Kirk Tuck said...

MM, I remember that selling off the 12-35mm and the 35-100mm in that camera shedding was sad for me. Both of those lenses were pretty much flawless. The 12-35mm (original) is a favorite of many photo friends who've been steadfast in their allegiance to the m4:3 world. They are great.

Art in LA said...

For me, the fisheye is great for "surreal architecture" shots. I love the Salvador Dali-esque lines I get when shooting skyscrapers. The close focusing and extreme DOF make it really easy to shoot -- flowers, pets, cars. You should rent/borrow a fisheye from Precision, take a stroll in downtown Austin, or that graffiti park near you. I bet you'd have fun with it!

mikepeters said...

Kirk, I've had the 12-35 and 35-100 v1's and now have the 12-40, the 40-150, and 12-100. You see where I'm going with this. I found my 12-35 v1 was not really crisp in the outer areas of the frame, the 12-40 does not exhibit this. However in most instances it wasn't a problem.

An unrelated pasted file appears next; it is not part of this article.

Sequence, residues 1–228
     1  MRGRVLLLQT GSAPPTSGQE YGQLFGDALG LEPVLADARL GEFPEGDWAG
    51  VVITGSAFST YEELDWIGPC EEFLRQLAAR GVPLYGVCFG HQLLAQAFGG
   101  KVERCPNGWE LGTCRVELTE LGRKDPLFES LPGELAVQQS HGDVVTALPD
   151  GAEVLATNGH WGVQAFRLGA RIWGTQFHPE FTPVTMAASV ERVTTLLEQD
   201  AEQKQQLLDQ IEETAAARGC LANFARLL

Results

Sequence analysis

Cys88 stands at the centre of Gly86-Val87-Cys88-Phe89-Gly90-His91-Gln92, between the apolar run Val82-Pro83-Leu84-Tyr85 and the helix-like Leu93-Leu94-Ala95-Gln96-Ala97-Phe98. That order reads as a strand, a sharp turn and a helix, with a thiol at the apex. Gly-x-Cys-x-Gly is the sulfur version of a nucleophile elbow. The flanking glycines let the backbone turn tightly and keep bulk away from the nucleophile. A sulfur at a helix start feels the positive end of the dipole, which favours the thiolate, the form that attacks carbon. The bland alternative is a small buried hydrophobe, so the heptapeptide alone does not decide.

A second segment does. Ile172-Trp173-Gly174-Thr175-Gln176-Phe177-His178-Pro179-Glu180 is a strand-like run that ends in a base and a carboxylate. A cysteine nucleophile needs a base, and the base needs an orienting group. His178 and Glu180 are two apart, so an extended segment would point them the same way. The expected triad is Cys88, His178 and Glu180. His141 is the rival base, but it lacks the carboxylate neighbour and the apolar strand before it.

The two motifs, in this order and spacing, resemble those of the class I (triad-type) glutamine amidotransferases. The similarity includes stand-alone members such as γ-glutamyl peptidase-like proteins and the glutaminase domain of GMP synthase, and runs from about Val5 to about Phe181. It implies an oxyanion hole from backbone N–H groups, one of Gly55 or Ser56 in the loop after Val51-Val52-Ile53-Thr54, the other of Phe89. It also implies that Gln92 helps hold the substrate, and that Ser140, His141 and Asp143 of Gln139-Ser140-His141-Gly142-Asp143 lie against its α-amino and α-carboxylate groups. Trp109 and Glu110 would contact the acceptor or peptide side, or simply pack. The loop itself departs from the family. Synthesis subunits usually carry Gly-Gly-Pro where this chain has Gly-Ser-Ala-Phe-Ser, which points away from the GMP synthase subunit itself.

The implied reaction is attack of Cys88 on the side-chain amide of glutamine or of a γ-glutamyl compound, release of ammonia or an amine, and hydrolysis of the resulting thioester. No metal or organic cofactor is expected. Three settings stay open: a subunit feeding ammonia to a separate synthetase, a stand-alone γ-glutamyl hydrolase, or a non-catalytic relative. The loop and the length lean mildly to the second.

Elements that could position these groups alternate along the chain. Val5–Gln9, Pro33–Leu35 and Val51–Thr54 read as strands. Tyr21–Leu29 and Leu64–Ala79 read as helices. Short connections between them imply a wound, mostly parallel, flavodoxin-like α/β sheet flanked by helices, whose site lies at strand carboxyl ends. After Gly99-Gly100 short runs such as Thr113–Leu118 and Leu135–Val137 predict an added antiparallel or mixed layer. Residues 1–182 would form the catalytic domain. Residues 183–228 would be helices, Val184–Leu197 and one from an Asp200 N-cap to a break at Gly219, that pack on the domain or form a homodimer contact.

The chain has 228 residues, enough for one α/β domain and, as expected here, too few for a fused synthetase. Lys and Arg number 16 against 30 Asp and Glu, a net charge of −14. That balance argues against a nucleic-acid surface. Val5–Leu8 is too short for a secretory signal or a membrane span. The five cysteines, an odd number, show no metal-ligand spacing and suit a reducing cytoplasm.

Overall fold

My main reason for switching was that my 35-100 broke when it hit the deck, and I really wanted the extra range of the 40-150 anyway. And if I got that, with the opposite way zoom, the 12-35 would have to make way for the matching 12-40 so my zooms would all go in the same direction. Took me a year to get used to it! The focus clutch mechanism is brilliant, and that's just a really nice touch that all three share.

That being said, on the wide end I'd also get the Pana/Leica 8-18 for the ability to put a variable ND on when shooting video outside.